n the Atlantic Flyway almost as many Canada geese are bagged as all duck species combined. There are basically two kinds of Canada geese — migratory birds, which are the birds that fly north in the spring and nest on the tundra, and resident Canada geese, which nest all through the Atlantic Flyway and only migrate as much as they have to when they're forced south by winter weather. There are no distinguishing features between a resident and migrant Canada goose. In addition to banding operations, researchers have taken to the skies over the nesting grounds in northern Quebec on the Ungava Peninsula to determine migratory populations. Data from these operations can help determine how goose hunting seasons are established. In Vermont there is a September season that is specifically targeted at resident birds, while migrant goose season usually begins around the third week in October. In the fall of 2003 the first reciprocal license existed between Vermont and New Hampshire for waterfowl hunting along the Connecticut River zones. Host Lawrence Pyne joins Rob Harvey, a Vermont native and one of the top goose biologists in the country, for a day hunting migratory Canada geese on the Connecticut River.
According to surveys conducted by the U.S. Fish and Wildlife Service, the average age of hunters has increased from 35 in 1980 to 42 in 2001. The best way to get young people interested in hunting is to make sure that they have a positive hunting experience the first time around. The Lake Hortonia Country Store in Hubbardton holds a "Youth Hunting Weekend" during Vermont's annual youth deer season in an effort to foster an interest in preserving Vermont's hunting heritage for kids. It was first held in 1999 and has become a big community event, attracting upwards of 300 kids interested in celebrating our hunting heritage. The event was founded on the idea that hunting is not just about bagging game, but quality time spent with those you hunt with. It also strives to promote the ethical aspects of hunting and stresses the importance of sportsmanship to new hunters. Though the highlight of the weekend is the drawing of lifetime hunting licenses for a few lucky kids, the real reward comes from introducing them to the joys of quality time spent in the woods.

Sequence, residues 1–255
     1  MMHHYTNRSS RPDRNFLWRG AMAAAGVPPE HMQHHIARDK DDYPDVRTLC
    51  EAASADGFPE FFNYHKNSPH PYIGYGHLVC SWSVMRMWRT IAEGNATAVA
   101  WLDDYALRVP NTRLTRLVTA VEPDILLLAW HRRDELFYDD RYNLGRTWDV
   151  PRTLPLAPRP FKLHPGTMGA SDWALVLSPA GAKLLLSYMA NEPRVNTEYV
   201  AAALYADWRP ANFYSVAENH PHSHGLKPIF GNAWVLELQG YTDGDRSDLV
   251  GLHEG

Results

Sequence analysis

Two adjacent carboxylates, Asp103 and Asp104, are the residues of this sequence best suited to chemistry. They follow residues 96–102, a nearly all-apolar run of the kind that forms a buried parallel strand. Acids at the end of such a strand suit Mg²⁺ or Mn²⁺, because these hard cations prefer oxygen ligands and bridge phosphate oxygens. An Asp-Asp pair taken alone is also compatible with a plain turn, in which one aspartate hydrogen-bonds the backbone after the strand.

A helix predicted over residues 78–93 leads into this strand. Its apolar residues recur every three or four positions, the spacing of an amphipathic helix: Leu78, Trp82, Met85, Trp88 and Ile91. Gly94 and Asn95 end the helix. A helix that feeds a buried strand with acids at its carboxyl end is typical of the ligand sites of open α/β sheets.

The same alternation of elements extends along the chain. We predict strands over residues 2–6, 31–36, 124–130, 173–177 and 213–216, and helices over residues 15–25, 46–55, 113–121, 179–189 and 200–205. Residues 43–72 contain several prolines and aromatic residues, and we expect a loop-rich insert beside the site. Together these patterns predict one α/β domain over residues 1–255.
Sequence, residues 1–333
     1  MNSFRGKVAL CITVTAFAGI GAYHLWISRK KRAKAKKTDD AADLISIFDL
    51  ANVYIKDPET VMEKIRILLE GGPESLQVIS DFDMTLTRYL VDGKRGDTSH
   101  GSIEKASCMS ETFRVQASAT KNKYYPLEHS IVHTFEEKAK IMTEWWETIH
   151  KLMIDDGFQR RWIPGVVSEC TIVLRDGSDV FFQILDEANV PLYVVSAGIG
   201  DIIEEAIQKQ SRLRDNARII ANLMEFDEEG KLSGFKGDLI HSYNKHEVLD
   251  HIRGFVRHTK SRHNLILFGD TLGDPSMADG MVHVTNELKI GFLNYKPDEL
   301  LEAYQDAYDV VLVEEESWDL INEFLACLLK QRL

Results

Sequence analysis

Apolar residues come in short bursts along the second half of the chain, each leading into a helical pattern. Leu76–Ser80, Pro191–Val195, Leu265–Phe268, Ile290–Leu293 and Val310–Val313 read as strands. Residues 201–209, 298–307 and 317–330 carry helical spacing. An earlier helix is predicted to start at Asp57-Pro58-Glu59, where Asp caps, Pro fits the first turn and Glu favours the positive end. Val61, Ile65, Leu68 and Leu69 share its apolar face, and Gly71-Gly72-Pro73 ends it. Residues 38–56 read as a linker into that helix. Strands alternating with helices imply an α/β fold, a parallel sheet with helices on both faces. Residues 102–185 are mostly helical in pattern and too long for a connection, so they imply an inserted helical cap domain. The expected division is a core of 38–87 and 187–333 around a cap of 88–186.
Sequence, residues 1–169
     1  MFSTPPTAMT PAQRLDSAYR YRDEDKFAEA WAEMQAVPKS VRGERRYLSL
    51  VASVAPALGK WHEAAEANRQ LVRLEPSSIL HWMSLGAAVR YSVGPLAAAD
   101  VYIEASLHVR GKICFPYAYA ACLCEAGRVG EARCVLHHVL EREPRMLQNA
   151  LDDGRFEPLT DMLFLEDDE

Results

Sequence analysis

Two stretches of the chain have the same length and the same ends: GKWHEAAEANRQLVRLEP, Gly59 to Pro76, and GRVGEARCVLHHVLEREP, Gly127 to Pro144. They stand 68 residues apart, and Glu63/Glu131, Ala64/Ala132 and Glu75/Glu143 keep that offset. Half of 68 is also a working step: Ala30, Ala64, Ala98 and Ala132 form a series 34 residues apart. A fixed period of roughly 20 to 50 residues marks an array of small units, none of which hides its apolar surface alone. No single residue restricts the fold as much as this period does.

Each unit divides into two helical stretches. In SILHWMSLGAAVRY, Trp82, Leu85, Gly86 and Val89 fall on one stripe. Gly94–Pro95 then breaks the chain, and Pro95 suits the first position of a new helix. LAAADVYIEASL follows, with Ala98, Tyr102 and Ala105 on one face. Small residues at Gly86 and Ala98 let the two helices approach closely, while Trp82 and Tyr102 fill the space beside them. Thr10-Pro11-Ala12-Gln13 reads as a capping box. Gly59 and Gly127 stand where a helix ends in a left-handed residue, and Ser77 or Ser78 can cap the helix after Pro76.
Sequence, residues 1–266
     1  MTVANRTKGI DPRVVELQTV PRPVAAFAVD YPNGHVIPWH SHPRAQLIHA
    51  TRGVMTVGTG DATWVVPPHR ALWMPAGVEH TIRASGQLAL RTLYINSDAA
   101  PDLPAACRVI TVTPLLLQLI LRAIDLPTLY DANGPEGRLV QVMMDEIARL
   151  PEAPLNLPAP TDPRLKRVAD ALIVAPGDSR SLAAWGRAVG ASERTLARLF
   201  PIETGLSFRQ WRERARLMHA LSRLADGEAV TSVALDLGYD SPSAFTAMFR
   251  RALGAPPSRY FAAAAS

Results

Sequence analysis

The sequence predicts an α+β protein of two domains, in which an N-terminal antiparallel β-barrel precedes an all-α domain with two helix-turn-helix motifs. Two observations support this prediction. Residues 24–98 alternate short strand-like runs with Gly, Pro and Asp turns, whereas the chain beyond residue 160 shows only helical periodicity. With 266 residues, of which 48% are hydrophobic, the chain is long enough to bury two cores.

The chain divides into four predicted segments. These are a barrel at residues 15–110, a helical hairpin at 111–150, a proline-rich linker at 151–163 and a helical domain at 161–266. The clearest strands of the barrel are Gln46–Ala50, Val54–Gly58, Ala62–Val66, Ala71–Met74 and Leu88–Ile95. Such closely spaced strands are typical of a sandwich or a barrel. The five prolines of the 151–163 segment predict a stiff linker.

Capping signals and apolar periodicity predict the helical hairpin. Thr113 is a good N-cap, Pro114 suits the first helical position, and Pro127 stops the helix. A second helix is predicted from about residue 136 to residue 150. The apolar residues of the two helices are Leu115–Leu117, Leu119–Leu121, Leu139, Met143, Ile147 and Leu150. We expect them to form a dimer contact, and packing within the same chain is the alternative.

Lake Hortonia Country Store
Exploring Vermont's back roads on a bike trip is a terrific way to discover places you didn't know existed. A bike trip slows the pace of travel down. You see things that most people don't see. You get a feel for the terrain you're traveling on. You get a lot of exercise during the day, and you sleep really well at night. A bike tour also offers you the opportunity to meet new people who share your interest in cycling. Friendships can take hold as you peddle through the countryside. You find yourself sharing moments together that people in cars never have. Taking a bike tour with an established tour company can not only take a lot of the guess work out of planning your route, it can offer invaluable things such as roadside repairs, or even a ride if you get little tired. Host Marianne Eaton joins Vermont Bicycle Tours on their Champlain Valley Tour for a little inn-to-inn biking through the Champlain Valley.
Solving problems in a group can be especially gratifying as you work to overcome an obstacle that looks impossible. A team-building exercise like a ropes course can not only get a group outside for an afternoon, it can help them understand more about those they live and work with as they solve problems to reach a goal. There are many types of challenges on a ropes course. "Low Elements" happen close to the ground and consist of challenges like getting your entire group from one point to another. During the course of the exercise, the group must work together using their individual strengths and personality traits to get through the obstacles. In the "High Elements," people face individual challenges up to 40 feet off the ground. These can involve such things as walking rope bridges, walking a tightrope and jumping from the top of a telephone pole to grab a trapeze bar. Though the participants are harnessed and on belay lines for safety purposes, it is still a challenge to for them to force themselves to make it through and surpass the goals put out in front of them on this course. Host Marianne Eaton joins Olympian Doug Lewis of Eliteam and members of the VPT staff for a challenging and insightful day on the ropes in Waitsfield.
Woodcock are beloved by bird hunters and bird watchers alike, but these fascinating little migrants are nonetheless faring poorly. Human development and maturing forests are steadily eating away the thick, brushy habitat that woodcock require, and their numbers are likewise declining. In the last three decades, there has been a two to three percent decline each year in the number of American Woodcock in the East. One area where woodcock are doing surprisingly well is the Ethan Allen Firing Range in Vermont, where biologists are capturing and banding woodcock in order to better understand their habitat needs. Host Lawrence Pyne joins Scott Williamson from the Wildlife Management Institute on a nighttime woodcock banding operation at the firing range in Jericho.